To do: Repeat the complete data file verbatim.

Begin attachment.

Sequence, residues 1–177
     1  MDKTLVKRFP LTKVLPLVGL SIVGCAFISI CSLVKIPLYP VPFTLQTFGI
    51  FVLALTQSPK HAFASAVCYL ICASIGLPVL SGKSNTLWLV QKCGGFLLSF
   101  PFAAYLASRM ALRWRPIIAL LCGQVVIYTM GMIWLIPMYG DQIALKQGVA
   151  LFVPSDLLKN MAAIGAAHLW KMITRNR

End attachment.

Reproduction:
Sequence, residues 1–177
     1  MDKTLVKRFP LTKVLPLVGL SIVGCAFISI CSLVKIPLYP VPFTLQTFGI
    51  FVLALTQSPK HAFASAVCYL ICASIGLPVL SGKSNTLWLV QKCGGFLLSF
   101  PFAAYLASRM ALRWRPIIAL LCGQVVIYTM GMIWLIPMYG DQIALKQGVA
   151  LFVPSDLLKN MAAIGAAHLW KMITRNR